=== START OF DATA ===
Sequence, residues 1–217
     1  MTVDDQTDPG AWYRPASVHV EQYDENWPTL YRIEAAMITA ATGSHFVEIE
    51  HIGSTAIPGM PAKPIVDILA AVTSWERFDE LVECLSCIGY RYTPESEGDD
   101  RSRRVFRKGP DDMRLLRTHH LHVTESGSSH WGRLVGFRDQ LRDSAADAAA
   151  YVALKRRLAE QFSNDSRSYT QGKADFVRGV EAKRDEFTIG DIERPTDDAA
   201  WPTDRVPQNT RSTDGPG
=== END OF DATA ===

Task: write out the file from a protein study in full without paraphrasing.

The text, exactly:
Sequence, residues 1–217
     1  MTVDDQTDPG AWYRPASVHV EQYDENWPTL YRIEAAMITA ATGSHFVEIE
    51  HIGSTAIPGM PAKPIVDILA AVTSWERFDE LVECLSCIGY RYTPESEGDD
   101  RSRRVFRKGP DDMRLLRTHH LHVTESGSSH WGRLVGFRDQ LRDSAADAAA
   151  YVALKRRLAE QFSNDSRSYT QGKADFVRGV EAKRDEFTIG DIERPTDDAA
   201  WPTDRVPQNT RSTDGPG